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First four English classic horse races postponed due to coronavirus

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London (AFP)

The first four of England's five annual Classic horse races, including the Epsom Derby, have all been postponed due to the coronavirus it was announced Tuesday.

Course owners the Jockey Club said the Guineas Festival at Newmarket, featuring both the 1,000 and 2,000 Guineas on the first weekend of May and the Derby Festival, which was due to stage the Oaks and the Derby run at Epsom on June 5-6, had both been postponed in response to the outbreak.

"We're sorry to announce that due to the current public health emergency, the Investec Derby Festival will not be staged on Friday 5th & Saturday 6th June," the Jockey Club said in a statement.

"We are now working with our partners in the industry to seek to establish a future date when the Investec Oaks and the Investec Derby races can take place, and will keep you informed on any future developments."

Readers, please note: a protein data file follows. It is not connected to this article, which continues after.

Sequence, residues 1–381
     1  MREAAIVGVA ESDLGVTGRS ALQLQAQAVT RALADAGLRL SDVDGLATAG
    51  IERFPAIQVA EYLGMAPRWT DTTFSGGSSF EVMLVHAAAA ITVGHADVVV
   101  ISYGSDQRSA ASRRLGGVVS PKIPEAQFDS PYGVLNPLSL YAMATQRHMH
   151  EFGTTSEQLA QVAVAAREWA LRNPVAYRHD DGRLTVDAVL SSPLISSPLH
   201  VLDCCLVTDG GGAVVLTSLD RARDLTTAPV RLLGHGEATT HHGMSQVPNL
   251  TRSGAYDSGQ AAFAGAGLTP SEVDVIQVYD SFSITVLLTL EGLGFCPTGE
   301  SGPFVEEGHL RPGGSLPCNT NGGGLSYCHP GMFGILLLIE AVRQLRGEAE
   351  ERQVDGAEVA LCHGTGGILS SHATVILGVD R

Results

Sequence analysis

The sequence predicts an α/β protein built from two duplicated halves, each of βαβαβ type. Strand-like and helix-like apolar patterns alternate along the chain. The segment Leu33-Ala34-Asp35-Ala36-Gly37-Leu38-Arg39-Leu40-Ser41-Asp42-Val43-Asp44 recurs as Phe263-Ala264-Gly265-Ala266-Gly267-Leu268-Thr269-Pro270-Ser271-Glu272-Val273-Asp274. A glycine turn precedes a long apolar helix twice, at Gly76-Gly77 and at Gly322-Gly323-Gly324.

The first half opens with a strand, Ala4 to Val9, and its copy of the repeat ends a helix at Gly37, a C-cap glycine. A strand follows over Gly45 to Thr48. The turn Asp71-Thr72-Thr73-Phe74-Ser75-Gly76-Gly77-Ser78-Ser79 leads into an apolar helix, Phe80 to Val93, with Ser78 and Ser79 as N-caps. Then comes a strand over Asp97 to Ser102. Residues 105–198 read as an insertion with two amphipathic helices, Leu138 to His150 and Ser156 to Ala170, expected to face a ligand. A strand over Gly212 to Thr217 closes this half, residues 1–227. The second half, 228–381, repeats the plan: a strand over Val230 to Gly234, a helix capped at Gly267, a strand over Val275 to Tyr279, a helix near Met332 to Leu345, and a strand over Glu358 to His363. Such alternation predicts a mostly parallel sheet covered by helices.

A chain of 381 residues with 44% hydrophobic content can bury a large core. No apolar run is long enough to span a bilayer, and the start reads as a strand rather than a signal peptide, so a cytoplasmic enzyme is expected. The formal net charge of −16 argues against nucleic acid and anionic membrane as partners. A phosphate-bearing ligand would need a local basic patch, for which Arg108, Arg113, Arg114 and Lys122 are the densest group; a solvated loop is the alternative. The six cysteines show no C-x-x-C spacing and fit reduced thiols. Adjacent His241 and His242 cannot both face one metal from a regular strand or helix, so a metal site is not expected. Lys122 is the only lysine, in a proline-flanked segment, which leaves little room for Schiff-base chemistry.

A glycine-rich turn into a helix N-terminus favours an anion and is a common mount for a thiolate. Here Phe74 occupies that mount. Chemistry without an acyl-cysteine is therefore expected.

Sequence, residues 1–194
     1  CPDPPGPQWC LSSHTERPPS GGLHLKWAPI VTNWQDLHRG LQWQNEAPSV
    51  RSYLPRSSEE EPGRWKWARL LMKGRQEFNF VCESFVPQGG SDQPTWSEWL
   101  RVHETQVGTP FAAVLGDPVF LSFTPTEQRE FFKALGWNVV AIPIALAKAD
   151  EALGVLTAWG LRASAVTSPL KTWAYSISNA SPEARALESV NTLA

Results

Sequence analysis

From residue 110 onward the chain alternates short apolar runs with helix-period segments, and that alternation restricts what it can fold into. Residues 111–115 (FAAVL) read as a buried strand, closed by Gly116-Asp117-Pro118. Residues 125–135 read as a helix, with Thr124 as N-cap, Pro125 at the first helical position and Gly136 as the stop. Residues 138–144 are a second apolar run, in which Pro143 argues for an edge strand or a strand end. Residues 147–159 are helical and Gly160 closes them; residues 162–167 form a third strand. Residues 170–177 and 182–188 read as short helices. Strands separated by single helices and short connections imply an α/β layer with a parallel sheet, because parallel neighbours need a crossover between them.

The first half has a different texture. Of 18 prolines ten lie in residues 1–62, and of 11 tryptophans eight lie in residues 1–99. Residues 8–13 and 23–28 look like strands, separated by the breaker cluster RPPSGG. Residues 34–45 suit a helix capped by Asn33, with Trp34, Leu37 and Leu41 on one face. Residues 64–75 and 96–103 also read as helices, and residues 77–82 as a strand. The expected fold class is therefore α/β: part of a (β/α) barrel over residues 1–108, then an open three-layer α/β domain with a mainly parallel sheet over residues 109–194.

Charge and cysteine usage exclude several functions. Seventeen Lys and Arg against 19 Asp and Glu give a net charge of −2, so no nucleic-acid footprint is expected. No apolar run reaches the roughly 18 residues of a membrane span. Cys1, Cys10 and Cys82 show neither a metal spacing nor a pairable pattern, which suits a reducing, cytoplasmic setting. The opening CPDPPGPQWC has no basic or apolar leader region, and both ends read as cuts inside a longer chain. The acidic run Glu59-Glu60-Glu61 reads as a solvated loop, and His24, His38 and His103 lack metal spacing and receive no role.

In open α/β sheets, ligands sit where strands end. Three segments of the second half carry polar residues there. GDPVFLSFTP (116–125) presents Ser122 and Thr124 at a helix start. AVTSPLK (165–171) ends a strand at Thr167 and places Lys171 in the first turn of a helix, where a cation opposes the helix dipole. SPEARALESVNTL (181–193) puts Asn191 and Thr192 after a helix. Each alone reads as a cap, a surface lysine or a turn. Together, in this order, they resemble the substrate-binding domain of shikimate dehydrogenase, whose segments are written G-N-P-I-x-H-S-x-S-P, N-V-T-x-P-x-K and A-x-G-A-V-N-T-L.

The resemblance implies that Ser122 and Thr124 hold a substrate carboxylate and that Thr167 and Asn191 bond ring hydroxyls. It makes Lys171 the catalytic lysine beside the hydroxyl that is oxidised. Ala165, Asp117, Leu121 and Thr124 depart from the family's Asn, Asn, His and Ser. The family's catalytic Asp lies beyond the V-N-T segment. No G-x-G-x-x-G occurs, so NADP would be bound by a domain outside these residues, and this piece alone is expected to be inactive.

A similar statement was issued by the Jockey Club in respect of the Guineas meeting.

Meanwhile the governing British Horseracing Authority confirmed talks were underway about rescheduling the races, all for three-year-olds and long regarded as some of the most prestigious in racing worldwide.

"As a sport we have a responsibility to safeguard the staging of our Classics, and to position them within a sensible, balanced schedule of complementary events wherever possible," Ruth Quinn, the BHA's director of international racing and racing development told the BBC.

"Naturally one of the key priorities is the staging of the generation-defining races.

"The plan will adapt depending on when racing recommences, but will aim to ensure that we provide suitable opportunities for the horses most likely to define the future of the thoroughbred breed if at all possible."

The St Leger, the fifth of English racing's five annual Classics, is traditionally run much later in the season in Doncaster, with this year's edition scheduled for September 12.

All racing in Britain was suspended on March 17 in response to the spread of COVID-19 after the BHA were criticised for allowing that month's four-day Cheltenham Festival jumps meeting, which attracted more than 250,000 spectators, to go ahead.

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